Before their first preseason tip, Joe Mazzulla warned not to infer too much from their starting lineup. Instead, throughout training camp so far, the head coach has stressed the strength of their versatility and how multiple players — “we have eight, nine starters” — could open the game.
“I think we have to have a level of flexibility in order for us to maximize our roster on both ends of the floor. And I think flexibility and malleability and the ability to go to different matchups has to be a strength of ours,” Mazzulla said. “So, there will be a time where we say, ‘this is what we’re doing,’ but we have to be as open-minded as possible to play in those different ways.”
On Sunday, the 76ers were without James Harden, Joel Embiid, De’Anthony Melton and Furkan Korkmaz. How would the Celtics attack Philly without their MVPs? Would they go with size or speed? Would Mazzulla even try to win the game? Should we read anything into Game 1 of the preseason?
“Absolutely nothing, please,” Mazzulla said. “I know you guys aren’t gonna listen to me, but whatever I do tomorrow – I almost thought about starting someone way off the bat just to throw you guys off, but I was talked out of it. But don’t read anything into it.”
Sorry, Coach. We’re going to overreact a little.
There were some constants in last year’s rotation that could carry over into this season (even with the drastic changes to the roster):
- Jayson Tatum as the bridge: At the first TV timeout of the first and third quarters, Tatum would take his first (brief) rest of the game. Between Tatum and Brown, JT is the better playmaker, so keeping him on the floor with the second unit makes sense.
- Al Horford will get his rest: In addition to not playing in back-to-backs, part of keeping the 37-year-old fresh through the regular season was having the big man open and close quarters with a significant break in between.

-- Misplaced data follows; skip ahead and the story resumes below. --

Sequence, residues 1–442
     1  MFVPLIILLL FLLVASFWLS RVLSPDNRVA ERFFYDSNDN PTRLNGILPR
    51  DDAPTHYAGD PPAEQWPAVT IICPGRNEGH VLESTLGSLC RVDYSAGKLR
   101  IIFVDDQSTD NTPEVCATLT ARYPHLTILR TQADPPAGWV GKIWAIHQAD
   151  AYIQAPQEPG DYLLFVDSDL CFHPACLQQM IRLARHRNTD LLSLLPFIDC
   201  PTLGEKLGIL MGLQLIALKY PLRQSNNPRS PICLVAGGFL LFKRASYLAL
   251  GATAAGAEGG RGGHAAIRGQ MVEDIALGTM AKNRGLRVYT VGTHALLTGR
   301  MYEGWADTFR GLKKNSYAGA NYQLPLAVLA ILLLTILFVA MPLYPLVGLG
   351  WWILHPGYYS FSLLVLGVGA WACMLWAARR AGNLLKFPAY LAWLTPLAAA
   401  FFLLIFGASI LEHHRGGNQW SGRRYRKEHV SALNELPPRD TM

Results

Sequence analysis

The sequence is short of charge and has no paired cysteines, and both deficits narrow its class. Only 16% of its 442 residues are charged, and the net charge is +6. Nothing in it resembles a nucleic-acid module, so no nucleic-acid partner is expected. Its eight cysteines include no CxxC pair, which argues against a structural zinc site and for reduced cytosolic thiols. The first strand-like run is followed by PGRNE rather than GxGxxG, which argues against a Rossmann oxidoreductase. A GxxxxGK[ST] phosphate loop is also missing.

- Mazzulla went with an eight-man rotation: For the most part, the Celtics went three deep off the bench with a ball handler (Malcolm Brogdon), a big (Blake Griffin, Luke Kornet), and a wildcard wing (Grant Williams, Sam Hauser).
It’s the preseason and there’s going to be plenty of experimenting over the next three games, but for the most part, Boston stuck to a similar script Sunday night. Tatum and Horford got early blows and the boy band formerly known as The Bus One Boys of Hauser, Kornet, and the newly minted $30 million man Payton Pritchard served as a hockey-style lineup change to close out the first and third quarters. Jrue Holiday played his first minutes as the 6th man and Oshae Brissett expanded the rotation to 10.
However, there were some surprises. Before dealing Robert Williams and Malcolm Brogdon to Portland for Holiday, ownership and the front office talked about the luxury of having three rotational centers in order to play big more often. The Celtics ultimately opted to open double bigs with Al Horford and Kristaps Porzingis anchoring the front court rather than staggering their minutes. Maybe Horford comes off the bench in some matchups, but so far, it looks like they’ll continue to play big.
“Size. Ability to defend,” Mazzulla said of the Horford-Porzingis duo. “And then on the offensive end, a bunch of spacing.”
What was also striking might be the confidence that the team has in that threesome of Pritchard-Hauser-Kornet. They weren’t filtered in one by one as if they were just band aids until the starters were ready to come back in; they came in as a unit, running their own actions above the break and working Spain pick-and-rolls and flare screens.
Most likely, we won’t see many of the stars tonight in New York against the Knicks on the backend of the back-to-back. There are still questions like whether Holiday and White will start together or could some end-of-bench contributors like Svi Mykhailiuk and rookie Jordan Walsh crack the top-10. But for one night, albeit the first night of many, the new-look Celtics appeared rich with potential.